These computer programs (also known as programs, software, software applications or code) include machine instructions for a programmable processor, and can be implemented in a high-level procedural and/or object-oriented programming language, and/or in assembly/machine language. As used herein, the terms “machine-readable medium” and “computer-readable medium” refer to any computer program product, non-transitory computer readable medium, apparatus and/or device (e.g., magnetic discs, optical disks, memory, Programmable Logic Devices (PLDs)) used to provide machine instructions and/or data to a programmable processor, including a machine-readable medium that receives machine instructions as a machine-readable signal. The term “machine-readable signal” refers to any signal used to provide machine instructions and/or data to a programmable processor.

The processes and logic flows described in this specification can be performed by one or more programmable processors, also referred to as data processing hardware, executing one or more computer programs to perform functions by operating on input data and generating output. The processes and logic flows can also be performed by special purpose logic circuitry, e.g., an FPGA (field programmable gate array) or an ASIC (application specific integrated circuit). Processors suitable for the execution of a computer program include, by way of example, both general and special purpose microprocessors, and any one or more processors of any kind of digital computer. Generally, a processor will receive instructions and data from a read only memory or a random access memory or both. The essential elements of a computer are a processor for performing instructions and one or more memory devices for storing instructions and data. Generally, a computer will also include, or be operatively coupled to receive data from or transfer data to, or both, one or more mass storage devices for storing data, e.g., magnetic, magneto optical disks, or optical disks. However, a computer need not have such devices. Computer readable media suitable for storing computer program instructions and data include all forms of non-volatile memory, media and memory devices, including by way of example semiconductor memory devices, e.g., EPROM, EEPROM, and flash memory devices; magnetic disks, e.g., internal hard disks or removable disks; magneto optical disks; and CD ROM and DVD-ROM disks. The processor and the memory can be supplemented by, or incorporated in, special purpose logic circuitry.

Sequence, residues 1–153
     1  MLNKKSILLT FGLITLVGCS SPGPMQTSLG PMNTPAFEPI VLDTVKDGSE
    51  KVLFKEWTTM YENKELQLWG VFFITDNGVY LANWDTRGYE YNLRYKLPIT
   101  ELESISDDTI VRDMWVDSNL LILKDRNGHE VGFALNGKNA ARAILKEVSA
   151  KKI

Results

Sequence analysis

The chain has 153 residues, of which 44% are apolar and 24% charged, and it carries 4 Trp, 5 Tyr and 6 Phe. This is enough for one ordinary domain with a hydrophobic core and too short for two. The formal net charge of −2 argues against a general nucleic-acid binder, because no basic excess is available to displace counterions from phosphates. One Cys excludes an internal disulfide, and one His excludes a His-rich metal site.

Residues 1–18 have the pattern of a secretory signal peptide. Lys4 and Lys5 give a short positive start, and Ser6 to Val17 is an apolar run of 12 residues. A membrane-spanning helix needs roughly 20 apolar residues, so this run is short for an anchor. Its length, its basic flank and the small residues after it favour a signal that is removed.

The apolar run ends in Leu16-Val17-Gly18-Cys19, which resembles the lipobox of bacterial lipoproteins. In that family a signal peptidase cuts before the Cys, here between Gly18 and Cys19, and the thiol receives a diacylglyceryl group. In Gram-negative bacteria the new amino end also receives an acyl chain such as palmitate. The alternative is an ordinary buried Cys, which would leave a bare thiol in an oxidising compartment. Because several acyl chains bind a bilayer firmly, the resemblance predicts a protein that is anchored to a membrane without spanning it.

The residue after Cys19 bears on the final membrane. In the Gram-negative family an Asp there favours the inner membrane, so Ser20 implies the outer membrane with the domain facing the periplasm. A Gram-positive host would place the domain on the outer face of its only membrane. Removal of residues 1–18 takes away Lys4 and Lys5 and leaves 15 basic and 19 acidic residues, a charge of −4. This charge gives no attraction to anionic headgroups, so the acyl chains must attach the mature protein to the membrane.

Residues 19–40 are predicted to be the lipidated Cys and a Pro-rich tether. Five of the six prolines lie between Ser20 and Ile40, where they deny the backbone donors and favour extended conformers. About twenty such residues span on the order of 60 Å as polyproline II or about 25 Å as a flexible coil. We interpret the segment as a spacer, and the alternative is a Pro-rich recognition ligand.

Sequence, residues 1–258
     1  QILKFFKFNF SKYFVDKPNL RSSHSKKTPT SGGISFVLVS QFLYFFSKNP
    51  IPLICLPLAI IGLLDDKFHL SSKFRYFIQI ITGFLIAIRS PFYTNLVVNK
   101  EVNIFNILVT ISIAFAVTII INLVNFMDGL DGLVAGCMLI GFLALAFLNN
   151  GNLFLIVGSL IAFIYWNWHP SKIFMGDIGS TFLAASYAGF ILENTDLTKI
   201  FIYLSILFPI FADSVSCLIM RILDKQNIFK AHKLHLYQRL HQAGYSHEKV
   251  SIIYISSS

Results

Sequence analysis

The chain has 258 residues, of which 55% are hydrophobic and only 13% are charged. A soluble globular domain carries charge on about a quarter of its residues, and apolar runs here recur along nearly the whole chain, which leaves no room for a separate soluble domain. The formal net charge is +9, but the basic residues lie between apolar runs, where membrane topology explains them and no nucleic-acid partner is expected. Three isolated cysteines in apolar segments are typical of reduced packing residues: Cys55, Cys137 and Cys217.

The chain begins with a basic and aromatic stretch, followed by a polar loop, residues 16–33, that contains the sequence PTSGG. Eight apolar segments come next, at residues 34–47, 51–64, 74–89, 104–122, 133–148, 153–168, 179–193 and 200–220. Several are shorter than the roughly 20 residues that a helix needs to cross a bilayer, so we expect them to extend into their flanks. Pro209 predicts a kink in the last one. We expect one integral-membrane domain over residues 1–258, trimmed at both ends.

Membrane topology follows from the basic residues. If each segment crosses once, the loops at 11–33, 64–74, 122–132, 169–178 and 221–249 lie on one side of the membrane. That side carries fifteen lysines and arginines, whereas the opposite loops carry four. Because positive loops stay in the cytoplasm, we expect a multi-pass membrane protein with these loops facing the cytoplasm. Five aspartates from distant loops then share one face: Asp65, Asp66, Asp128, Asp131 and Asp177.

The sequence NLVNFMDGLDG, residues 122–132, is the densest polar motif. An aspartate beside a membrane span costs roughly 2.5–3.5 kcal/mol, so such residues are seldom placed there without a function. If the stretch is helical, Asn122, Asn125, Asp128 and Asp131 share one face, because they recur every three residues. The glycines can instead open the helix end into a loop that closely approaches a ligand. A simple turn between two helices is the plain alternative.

To provide for interaction with a user, one or more aspects of the disclosure can be implemented on a computer having a display device, e.g., a CRT (cathode ray tube), LCD (liquid crystal display) monitor, or touch screen for displaying information to the user and optionally a keyboard and a pointing device, e.g., a mouse or a trackball, by which the user can provide input to the computer. Other kinds of devices can be used to provide interaction with a user as well; for example, feedback provided to the user can be any form of sensory feedback, e.g., visual feedback, auditory feedback, or tactile feedback; and input from the user can be received in any form, including acoustic, speech, or tactile input. In addition, a computer can interact with a user by sending documents to and receiving documents from a device that is used by the user; for example, by sending web pages to a web browser on a user's client device in response to requests received from the web browser.

A number of implementations have been described. Nevertheless, it will be understood that various modifications may be made without departing from the spirit and scope of the disclosure. Accordingly, other implementations are within the scope of the following claims.

Claims

1. A computer-implemented method when executed on data processing hardware causes the data processing hardware to perform operations comprising:

receiving a plurality of training input audio sequences that contain a keyword, each training input audio sequence comprising: a sequence of input frames that each include one or more respective audio features characterizing phonetic components of the keyword; and binary labels assigned to the input frames;
training an end-to-end keyword spotting model on the plurality of training input audio sequences by, for each training input sequence: assigning a first label to at least one input frame that includes one or more respective audio features characterizing a last phonetic component of the keyword; and assigning a second label to the remaining frames each including one or more respective audio features characterizing the remaining phonetic components of the keyword; and